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Is Your Ethical Bribe For New Subscribers Effective?

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Written by Camilla Evaline

The quick answer to finding out if your ethical bribe, the freebie you offer new subscribers is really working is to look at your sign up statistics, then decide.

I was blithely making more and more “ethical bribes” to encourage people to sign up for my newsletter in one of my niche areas.

It seemed to be tough to figure out what would motivate folks to “join my list” so I could market other products and services to them, keep them up to date with what was going on on the site. Frustration was the name of the game.

Then, I finally got an a-ha.

I was logged into my email marketing service provider, trying to figure out what page was the download page for one of my sign up boxes.

I was startled to see that right there, in the list of sign up boxes, was the number of times a sign up box was seen and how many people signed up.

What was that old saw? Could’a had a V8?

One of my ethical bribes, an ebook that I made last year, had a conversion rate almost twice as high as the next best offer: like it was converting at 18.4%.

Not too shabby as the kids would say.

Then I looked closer. (I do have a masters degree in Statistics, I just don’t often use it. And, this is really not even close to advanced statistics.)

There is one sign up box that had tons of “displays.” It was on a page that lots of people had visited. But only a 3% conversion. Nothing close to the ebook with its 18.4%. I was thinking it was a waste.

But, then I took a closer look and realized this form was on every page of my website, sometimes twice on the same page, it has been up about six months and it has already gotten almost 50 new sign ups, with no additional effort on my part.

So, it was a low percentage, but the highest number of new subscribers.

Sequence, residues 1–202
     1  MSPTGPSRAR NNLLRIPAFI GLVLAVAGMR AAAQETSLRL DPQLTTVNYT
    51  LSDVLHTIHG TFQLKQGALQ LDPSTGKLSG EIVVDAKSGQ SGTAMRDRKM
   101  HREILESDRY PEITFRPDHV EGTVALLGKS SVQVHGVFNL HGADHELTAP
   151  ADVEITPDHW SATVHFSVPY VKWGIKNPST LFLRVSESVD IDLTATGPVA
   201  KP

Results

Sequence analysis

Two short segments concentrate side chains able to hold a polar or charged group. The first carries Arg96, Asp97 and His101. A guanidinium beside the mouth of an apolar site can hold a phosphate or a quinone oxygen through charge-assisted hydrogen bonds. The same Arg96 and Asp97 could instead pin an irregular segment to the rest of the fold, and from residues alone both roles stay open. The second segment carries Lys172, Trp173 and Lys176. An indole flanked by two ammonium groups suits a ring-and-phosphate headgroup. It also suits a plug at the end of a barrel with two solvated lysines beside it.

About that 18.4% sign up box? Well, although was the box was only displayed 98 times, there were really only 75 different people that visited the page (some folks must have been there twice or maybe it was me editing the page) which means the ratio of subscribers divided by unique visitors was actually 24.0%.

Not too shabby.

Now here is the “could’a had a V8” moment: this 24.0% converting ethical bribe was the second ethical bribe/sign up box I’d constructed. I wanted more sign ups, so I kept on making new ethical bribes/sign up boxes trying to get more traffic.

Of course, most of the other ethical bribes, sign up boxes weren’t converting any where near what the ebook box was converting.

I had the answer all along. I just hadn’t been paying attention to the stats.

The side benefit of this little exercise? I also noticed that sign ups requesting the ebook were twice as high as those that were offering audio products. Seems my audience may like to read more than they like to listen.

Time to make more written products than spending tons of time on audio products.

I wonder what would happen if I used video?

I’ll just have to keep watching my numbers.

But now, I need to go investigate this thing about creating hover popups. Sounds intriguing.

About the author

Camilla Evaline

Why settle for average when you can have the best?

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